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Guess who's really in the driver's seat?

Found your soul mates in the coolly complex folks on TV car ads? Sorry, but it's not soul -- it's psychographics.

August 22, 2004|Gina Piccalo | Times Staff Writer

It was early 2001. After years of toiling for slave wages, I'd just gotten a big raise. I could finally afford to exchange my 10-year-old Saab -- and all the post-adolescent longing it represented -- for a new car, with no emotional baggage, that guaranteed me a seat at the adults' table.

That's when I first noticed the TV ads for Volkswagen's new sedan, the Passat. They were shot on film that looked grainy and washed out, and the person doing the talking was just out of frame. There was no sales pitch, no sexy drive along a serpentine coastal road. In fact, there was no discussion of the car at all.

These ads were all about the drivers.

Each spot featured one individual, who looked about my age, attractive but nonthreatening. They were alone in their cars, speaking directly to the camera with intimacy, candor and just a glimmer of self-consciousness about their wild youth and reluctant adulthood.

I was mesmerized. They sounded just like me.

"No matter how good things get," said one man while driving over a bridge, "I still get this feeling this guy's going to come to my door and he's going to say, 'We talked to your parents. We know what you did in college. We have pictures. And all this -- the house, the kids, the widescreen TV -- it's not yours. It doesn't belong to you. It was meant for somebody else.' "

In another spot, a woman wearing a suit and pearl earrings, her blond hair just so, described her days as a Krokus fan. "I love metal," she said while driving through what looked like Stepford. "This one show, I was so excited, I passed out."

A new dad, completely incredulous that he was responsible for raising another human, said, "Suddenly, I'm the one saying, 'Don't touch the cookie on the ground.' And I'm really thinking: 'Five-second rule. That cookie just hit the ground. That cookie is still good.' "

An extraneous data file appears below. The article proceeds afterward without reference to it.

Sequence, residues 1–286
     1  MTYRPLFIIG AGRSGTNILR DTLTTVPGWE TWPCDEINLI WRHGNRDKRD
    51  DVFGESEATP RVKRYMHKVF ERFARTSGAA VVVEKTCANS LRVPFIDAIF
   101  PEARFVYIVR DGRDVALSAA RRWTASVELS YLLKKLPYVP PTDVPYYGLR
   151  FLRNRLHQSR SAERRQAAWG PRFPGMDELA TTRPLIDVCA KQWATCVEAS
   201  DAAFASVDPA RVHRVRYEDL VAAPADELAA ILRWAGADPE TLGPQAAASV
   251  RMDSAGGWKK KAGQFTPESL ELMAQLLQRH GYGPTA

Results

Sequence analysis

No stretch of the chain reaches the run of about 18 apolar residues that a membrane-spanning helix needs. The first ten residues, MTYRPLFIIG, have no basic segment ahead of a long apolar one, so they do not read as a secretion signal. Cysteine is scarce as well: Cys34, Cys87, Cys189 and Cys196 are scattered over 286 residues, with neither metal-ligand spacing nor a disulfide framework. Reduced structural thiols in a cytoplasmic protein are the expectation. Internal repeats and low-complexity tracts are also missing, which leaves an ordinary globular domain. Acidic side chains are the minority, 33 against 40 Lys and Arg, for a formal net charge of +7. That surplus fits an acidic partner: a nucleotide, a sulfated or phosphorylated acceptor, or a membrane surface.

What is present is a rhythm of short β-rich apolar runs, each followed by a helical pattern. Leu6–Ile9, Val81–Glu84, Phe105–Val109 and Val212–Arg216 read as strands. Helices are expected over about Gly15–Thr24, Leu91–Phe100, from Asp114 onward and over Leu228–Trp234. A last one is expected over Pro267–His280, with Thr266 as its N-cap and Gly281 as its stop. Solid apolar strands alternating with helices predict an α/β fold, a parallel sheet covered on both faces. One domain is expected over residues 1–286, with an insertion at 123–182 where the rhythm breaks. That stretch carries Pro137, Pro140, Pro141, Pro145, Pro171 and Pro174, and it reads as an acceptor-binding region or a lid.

There was always a pause after the monologue, and then Volkswagen's tagline: "Your secret's safe with us."

Never had an advertiser so brilliantly captured my state of mind at precisely the moment I was experiencing it. These people were my soul mates. Successful, but awaiting the inevitable punch line. Cynical, but cautiously optimistic.

To think a car company knew me this well was profoundly reassuring. Surely, a campaign that so deftly tapped the inner truths of my special group must have required intense study by a team of experts.

Not so, says Arnold Communications chairman and chief creative officer Ron Lawner, whose company created the campaign. "You must have been the right age," he said.

That is, late 20s to early 40s. In other words, Gen-X. All those traits I'd considered so unique to me and my friends were, in Lawner's world, just another "psychographic."

We are, according to his findings, "honest, straight shooters, with a sense of humor, who want to stay grounded regardless of how successful you get." And, he added, "still waiting for the other shoe to fall, hoping they don't find out 'I don't know what I'm doing.' "

A few weeks after I saw the ads, I visited a Volkswagen dealership. There was virtually nothing the salesman could have said to talk me out of this car. It was, as marketers say, an emotional decision.

That day, I drove home a silver Passat with leather interior, a five-disc CD changer and seat warmers.

In retrospect, the car was too expensive and too big. But thanks to those TV ads, I've never felt more sure of a purchase than the moment I drove it off the lot.

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